With two painfully mediocre warm up acts including Mick Jagger Jnr’s far from established punk-rock band Turbogeist, I think I speak for the majority of the 300 rockers of all ages at Bodega when I say this was a night focused purely on Love. Namely Frank Carter’s (ex Gallows frontman) year and a bit old rock’n’roll band Pure Love with Jim Carrol of Hope Conspiracy fame.
So emerged the man everyone had been waiting to see. A sweaty and simply dressed yet exuberant Frank Carter made an understated entrance in Bodega; a venue which pushes the word intimate to its limits. A Frank Carter who was batting back beach balls to the crowd and who was wearing a popped blow-up doll like a cape by the second song. The Frank Carter who stood and surfed triumphantly above some of the most eager fans I have ever witnessed, holding and supporting him like an idol.
But make no mistake, Pure Love should in no way be The Frank Carter Experience featuring Jim Carrol and co. The band more than held their own during shredding anthems, such as ‘Bury my Bones’ in the middle of a packed Bodega, while Pure Love’s drummer spent half their non-stop 45 minute set playing in the crowd amidst circle pits and moshers alike, even taking being spear tackled off his drum stool in good faith. So it was here that lay the success of this night, Pure Love’s ability to stomp out their aptly named debut album Anthems with an entertaining mix of comedy and originality. Frontman Carter’s quips about the blow up sex doll that was floating around and the committed fan dressed in a Pikachu onesie were equally balanced with a truly humbled bid for applause for the bar staff, security and the merchandisers.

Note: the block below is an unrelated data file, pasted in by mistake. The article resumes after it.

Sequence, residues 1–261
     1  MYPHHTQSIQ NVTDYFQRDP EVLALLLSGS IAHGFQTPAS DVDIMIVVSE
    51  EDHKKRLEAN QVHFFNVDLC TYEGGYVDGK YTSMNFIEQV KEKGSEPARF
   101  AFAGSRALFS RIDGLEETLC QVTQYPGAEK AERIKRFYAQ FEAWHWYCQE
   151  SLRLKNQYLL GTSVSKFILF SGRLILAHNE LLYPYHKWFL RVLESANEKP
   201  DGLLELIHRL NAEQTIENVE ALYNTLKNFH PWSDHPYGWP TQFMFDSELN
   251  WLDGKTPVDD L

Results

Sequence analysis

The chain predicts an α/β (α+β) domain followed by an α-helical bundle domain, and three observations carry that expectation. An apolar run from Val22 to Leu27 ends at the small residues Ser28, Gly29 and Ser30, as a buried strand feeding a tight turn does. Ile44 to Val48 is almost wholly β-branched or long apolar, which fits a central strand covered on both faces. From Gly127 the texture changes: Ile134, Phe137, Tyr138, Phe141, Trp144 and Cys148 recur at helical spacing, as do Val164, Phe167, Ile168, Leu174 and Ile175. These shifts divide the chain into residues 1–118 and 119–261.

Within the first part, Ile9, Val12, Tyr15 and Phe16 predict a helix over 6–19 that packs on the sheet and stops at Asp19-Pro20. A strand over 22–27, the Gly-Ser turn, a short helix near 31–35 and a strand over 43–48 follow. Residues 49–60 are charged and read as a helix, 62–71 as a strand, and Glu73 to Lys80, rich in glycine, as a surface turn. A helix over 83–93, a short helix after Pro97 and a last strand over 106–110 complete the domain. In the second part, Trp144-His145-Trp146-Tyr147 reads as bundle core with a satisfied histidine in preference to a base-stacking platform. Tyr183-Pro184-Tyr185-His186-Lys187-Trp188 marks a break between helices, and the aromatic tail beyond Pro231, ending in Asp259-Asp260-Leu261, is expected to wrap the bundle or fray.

The aforementioned originality was evident as soon as Frank and Co. opened. A band to which the restricting stage of Bodega seemed better defined as: the crowd, the top of the bar, the lighting fixtures and the merchandise stand. Because make no mistake, all of these were utilised. Pure Love’s class seemed to be emphasised by the mediocre support acts. Far from suffering from the unbalanced sound levels their support encountered, Frank Carter’s vocal ripped through solid footstompers such as ‘The Handsome Devil’s Club’ to the support of Jim Carrol and three hundred odd fans. Justly so, Carter’s band seemed comfortable and established both musically and as individual persons, controlling a strongly reciprocating crowd easily with genuinely funny inter-band repartee and an explosive performance, which left me waiting for an hour afterwards just for a chance to meet the man himself.
Pure Love frontman Carter shouted to the crowd, smiling all the time as fans shook his hand or just tried to get hold of him, that moving the drum kit into the middle of the crowd (amid other crowd-pleasers) was nothing less than what you should get for paying to see a rock’n’roll show. Considering what Pure Love offered at The Bodega for a mere £11, I couldn’t agree more.
…Harry has been listening to Pure Love – Anthems…